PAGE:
Mohiniyattam

Mohiniyattam is a traditional South Indian dance form from Kerala, India. It is a very graceful dance meant to be performed as a solo recital by women. The term Mohiniyattam comes from the words “Mohini” meaning a woman who enchants onlookers and “aattam” meaning graceful and sensuous body movements. The word “Mohiniyattam” literally means “dance of the enchantress”. There are two stories of the Lord Vishnu disguised as a Mohini. In one, he appears as

Mohiniyattam

Mohiniyattam

Mohini to lure the asuras (demons) away from the amrita (nectar of immortality) obtained during the churning of the palazhi or Ocean of Milk.

In the second story Vishnu appears as Mohini to save Lord Shiva from the demon Bhasmasura. The name Mohiniyattam may have been coined after Lord Vishnu, and the main theme of the dance is love and devotion to God, with usually Vishnu or Krishna being the hero. Devadasis used to perform this in temples. But it also has elements of Koothu and Kottiyattom in it. it is a drama in dance and verse. The dance which has influences and elements from two South Indian dance forms, the Bharatanatyam and Kathakali, was formulated in the court of king Swati Tirunal by Vadivelu, one of the Thanjavur Quartet. The dance involves the swaying of broad hips and the gentle movements of erect torso from side to side. This is reminiscent of the swinging of the palm leaves and the gently flowing rivers which abound Kerala, the land of Mohiniyattam. There are approximately 40 different basic movements, known as ‘atavukal’, in Mohiniyattam.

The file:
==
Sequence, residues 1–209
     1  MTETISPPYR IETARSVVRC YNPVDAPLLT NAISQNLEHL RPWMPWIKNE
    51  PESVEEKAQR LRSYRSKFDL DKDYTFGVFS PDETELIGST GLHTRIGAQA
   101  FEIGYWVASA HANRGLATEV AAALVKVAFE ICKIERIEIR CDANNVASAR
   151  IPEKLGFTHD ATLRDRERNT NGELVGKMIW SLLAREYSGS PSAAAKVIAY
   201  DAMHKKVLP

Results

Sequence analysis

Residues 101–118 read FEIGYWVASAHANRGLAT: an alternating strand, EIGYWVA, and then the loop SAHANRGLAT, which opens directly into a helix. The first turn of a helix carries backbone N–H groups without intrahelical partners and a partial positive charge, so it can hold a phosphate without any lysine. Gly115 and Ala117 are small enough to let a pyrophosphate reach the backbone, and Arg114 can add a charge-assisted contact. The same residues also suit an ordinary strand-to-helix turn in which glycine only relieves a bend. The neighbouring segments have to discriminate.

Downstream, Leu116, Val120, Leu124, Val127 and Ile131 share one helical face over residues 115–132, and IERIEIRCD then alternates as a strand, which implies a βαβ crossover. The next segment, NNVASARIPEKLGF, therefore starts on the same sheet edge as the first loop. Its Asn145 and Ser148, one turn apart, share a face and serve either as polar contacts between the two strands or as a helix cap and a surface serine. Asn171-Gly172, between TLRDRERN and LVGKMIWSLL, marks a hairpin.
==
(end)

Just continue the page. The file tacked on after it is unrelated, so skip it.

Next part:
Mohiniyattam

Mohiniyattam

The costume includes white sari embroidered with bright golden brocade (known as kasavu at the edges. The dance follows the classical text of Hastha Lakshanadeepika, which has elaborate description of Mudras (gestural expressions by the hand palm and fingers).

The vocal music of Mohiniyattam involves variations in rhythmic structure known as chollu. The lyrics are in Manipravalam, a mixture of Sanskrit and Malayalam. The Mohiniyattam dance is performed to this accompaniment by the subtle gestures and footwork of the danseuse. The performer uses the eyes in a very coy yet sensual manner, the purpose being to enchant the mind without enticing the senses.

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